Boris Johnson has accused David Cameron of being immoral for urging eurozone countries to pursue close political union.
Speaking in London on Tuesday morning, the mayor said the predictions of the euro-sceptics had turned out to be entirely correct and that the single currency had been "a calamitous project".
"I don’t understand why we continually urge the eurozone countries to go forward with this fiscal and political union, when we know in our hearts that it is anti-democratic and therefore intellectually and morally wrong," he said.
The prime minister and chancellor George Osborne have repeatedly called for the 17 eurozone countries within the 27 European Union form a tighter fiscal union in order to deal with the continent's economic crisis.
But Boris said: "The intention now is to make a bad situation worse. In the hope of reassuring the markets the eurozone countries are painfully composing a fiscal and political union that has no democratic legitimacy whatever.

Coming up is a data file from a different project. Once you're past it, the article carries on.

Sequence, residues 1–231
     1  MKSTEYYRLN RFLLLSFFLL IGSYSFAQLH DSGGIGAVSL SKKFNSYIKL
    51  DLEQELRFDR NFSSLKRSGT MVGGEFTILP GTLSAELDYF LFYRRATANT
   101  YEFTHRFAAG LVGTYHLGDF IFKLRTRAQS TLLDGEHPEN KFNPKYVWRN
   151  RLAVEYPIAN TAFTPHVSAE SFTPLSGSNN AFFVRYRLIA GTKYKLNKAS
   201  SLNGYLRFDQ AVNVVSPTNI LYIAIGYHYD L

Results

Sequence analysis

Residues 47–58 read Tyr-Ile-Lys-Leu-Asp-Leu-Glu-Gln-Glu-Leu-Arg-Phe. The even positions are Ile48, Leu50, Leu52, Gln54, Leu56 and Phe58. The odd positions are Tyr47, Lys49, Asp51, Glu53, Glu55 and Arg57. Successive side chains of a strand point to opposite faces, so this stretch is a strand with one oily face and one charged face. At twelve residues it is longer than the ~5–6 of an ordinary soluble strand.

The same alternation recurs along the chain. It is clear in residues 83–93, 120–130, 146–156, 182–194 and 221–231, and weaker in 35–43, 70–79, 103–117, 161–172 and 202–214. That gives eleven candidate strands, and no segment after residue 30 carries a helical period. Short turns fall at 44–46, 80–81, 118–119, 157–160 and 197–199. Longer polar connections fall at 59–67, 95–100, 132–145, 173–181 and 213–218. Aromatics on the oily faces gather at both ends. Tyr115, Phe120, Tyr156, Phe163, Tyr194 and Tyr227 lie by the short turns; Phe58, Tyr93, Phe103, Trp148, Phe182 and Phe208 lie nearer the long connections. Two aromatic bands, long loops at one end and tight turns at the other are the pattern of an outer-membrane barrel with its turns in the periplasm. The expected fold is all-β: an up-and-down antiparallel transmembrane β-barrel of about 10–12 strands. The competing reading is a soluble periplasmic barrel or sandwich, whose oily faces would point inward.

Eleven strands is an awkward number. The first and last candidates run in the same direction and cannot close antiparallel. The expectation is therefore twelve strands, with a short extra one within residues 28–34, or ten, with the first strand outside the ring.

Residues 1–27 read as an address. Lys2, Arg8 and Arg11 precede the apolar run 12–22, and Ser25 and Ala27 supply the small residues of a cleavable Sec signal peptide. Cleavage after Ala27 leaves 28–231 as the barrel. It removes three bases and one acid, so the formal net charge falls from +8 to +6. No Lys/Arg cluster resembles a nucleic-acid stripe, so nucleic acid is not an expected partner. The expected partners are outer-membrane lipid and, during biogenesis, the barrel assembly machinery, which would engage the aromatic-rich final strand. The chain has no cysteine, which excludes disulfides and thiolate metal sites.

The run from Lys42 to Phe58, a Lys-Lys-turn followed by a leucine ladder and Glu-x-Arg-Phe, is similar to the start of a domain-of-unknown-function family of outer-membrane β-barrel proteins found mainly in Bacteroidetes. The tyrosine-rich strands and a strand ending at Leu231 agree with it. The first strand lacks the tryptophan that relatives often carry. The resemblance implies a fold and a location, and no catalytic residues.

"It cannot hope to have such legitimacy. This is a continent where there has been no single European political consciousness ... or sense of identity since the days of the Roman empire."
The Tory mayor of London called on Cameron to change his tactics with the aim of the UK having a looser relationship with the EU based on the single market.
"This pared down relationship is essential and deliverable, though you will hear a lot of huffing and puffing to the contrary.
"Our partners want us there, in the sense that they need us as a giant export market. They need the UK to be there at the council table, making the case for free markets and for common sense."